Wiccans have fought long and hard to get away from this stereotype, and the more recent ones: the baby-killing Satanist (far more insidious, as any pagan who was around in the late 1980s knows), and the glamorous, sexy ‘teen witch’ of The Craft and Sabrina and recently, American Horror Story. But I wonder if – especially in response to the latter image – the old witch doesn’t still provide a necessary archetype.

Consider all the things our culture wants women to be. Young. Sexy. Cute and complying, especially to men. Sociable. And if we have any power, it has to come from our looks and our sexuality – but those powers are granted only to the few who fit the male-defined image. (It’s telling that the word glamour, once the term for a spell of delusion, now means the allure of a particular kind of high-maintenance, female appearance.)

Now look at our traditional Halloween witch again. She’s old. She’s ugly. She doesn’t take kindly to anyone telling her what to do. She lives alone, answering to nobody. And she has a lot of power, to use as she pleases. She’s done a deal with the Devil – traded acceptance by her community and her religion. her traditional role, her femininity, if you like, for the ability to bend reality to her will. But is it possible that she got the better end of the deal?

I leave you to ponder that one, and with a suggestion: Maybe this is a good time to face those sides of yourself that you don’t normally bring out, the things you’re afraid of. Take a look at the emotions and characteristics you try to hide – the messy, angry, hungry, horny, awkward screwed-upness of being human – and ask whether there isn’t some positive power in them, some way they could be transformed by bringing them out into the light.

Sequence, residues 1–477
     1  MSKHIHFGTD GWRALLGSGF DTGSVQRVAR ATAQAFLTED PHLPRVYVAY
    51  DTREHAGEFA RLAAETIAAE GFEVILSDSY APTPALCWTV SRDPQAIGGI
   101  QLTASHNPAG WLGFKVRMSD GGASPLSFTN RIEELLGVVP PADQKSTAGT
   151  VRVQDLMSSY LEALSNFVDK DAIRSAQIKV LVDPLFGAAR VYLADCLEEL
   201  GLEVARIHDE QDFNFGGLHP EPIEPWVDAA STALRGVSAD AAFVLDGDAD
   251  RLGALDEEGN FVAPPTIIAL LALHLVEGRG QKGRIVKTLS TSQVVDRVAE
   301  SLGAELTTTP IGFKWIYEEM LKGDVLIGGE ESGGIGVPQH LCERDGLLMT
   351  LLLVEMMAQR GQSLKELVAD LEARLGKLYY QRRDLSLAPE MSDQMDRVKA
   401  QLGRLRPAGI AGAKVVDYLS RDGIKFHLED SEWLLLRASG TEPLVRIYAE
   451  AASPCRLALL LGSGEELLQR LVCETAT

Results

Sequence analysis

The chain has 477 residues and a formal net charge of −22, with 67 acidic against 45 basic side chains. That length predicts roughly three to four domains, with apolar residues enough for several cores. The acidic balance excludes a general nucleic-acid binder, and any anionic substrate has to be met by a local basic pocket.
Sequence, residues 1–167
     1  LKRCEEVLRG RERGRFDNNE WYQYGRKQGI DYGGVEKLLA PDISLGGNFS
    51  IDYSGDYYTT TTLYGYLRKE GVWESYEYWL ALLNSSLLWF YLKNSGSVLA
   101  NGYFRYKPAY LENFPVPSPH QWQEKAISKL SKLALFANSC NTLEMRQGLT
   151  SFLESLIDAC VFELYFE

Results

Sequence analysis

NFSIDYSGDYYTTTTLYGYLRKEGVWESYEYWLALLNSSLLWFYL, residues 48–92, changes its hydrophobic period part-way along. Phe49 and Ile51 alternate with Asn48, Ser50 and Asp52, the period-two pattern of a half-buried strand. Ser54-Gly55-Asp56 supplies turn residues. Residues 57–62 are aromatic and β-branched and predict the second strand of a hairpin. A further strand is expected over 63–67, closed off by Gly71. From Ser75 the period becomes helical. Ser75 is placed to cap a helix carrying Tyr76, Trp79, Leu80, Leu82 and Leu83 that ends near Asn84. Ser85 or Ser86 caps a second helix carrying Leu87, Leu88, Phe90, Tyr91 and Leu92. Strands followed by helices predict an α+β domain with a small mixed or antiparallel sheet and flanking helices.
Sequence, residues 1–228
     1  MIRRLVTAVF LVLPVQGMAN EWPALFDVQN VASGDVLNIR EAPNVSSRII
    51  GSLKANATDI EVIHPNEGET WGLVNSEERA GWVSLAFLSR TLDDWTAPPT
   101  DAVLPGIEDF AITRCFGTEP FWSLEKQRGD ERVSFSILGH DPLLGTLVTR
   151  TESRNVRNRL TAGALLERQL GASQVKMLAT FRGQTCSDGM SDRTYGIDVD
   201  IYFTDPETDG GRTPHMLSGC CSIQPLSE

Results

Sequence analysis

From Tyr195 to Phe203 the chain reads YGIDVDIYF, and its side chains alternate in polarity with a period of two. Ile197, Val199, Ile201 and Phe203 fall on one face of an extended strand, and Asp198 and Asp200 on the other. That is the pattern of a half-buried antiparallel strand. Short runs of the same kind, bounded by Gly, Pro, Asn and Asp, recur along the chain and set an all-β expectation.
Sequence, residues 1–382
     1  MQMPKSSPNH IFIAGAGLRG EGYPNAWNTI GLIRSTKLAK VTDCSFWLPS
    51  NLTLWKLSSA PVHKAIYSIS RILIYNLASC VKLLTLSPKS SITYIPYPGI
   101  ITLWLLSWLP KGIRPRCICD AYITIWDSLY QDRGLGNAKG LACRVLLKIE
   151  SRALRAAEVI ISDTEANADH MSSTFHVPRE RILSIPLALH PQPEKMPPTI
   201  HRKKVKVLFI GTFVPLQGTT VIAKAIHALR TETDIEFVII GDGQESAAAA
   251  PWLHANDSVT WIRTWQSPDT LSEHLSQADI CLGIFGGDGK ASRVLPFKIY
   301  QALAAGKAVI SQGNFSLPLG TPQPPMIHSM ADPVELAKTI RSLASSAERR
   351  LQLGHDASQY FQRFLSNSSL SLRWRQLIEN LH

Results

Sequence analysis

Then, make something of them. Dress up as your inner witch or demon or other bogey-creature. If there’s anything about you that society already finds scary or threatening – age, sexuality, belief, any kind of failure to fit in or refusal to back down – let ’em have it at full force. As gender outlaw Kate Bornstein says: ‘Become a more frightening monster than the one they think you are.’

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If you haven’t the time, funds, or chutzpah for a full costume, try a mask – mask bases are available from many craft stores, or cut a basic mask shape out of card, and embellish it with paint, yarn, beads, feathers…anything that expresses that hidden side. Even if you don’t actually wear it, it can serve as a reminder that you’re not just the ‘you’ everyone thinks they know. And that the universe itself – at any time, but especially in this season – isn’t always what it appears to be…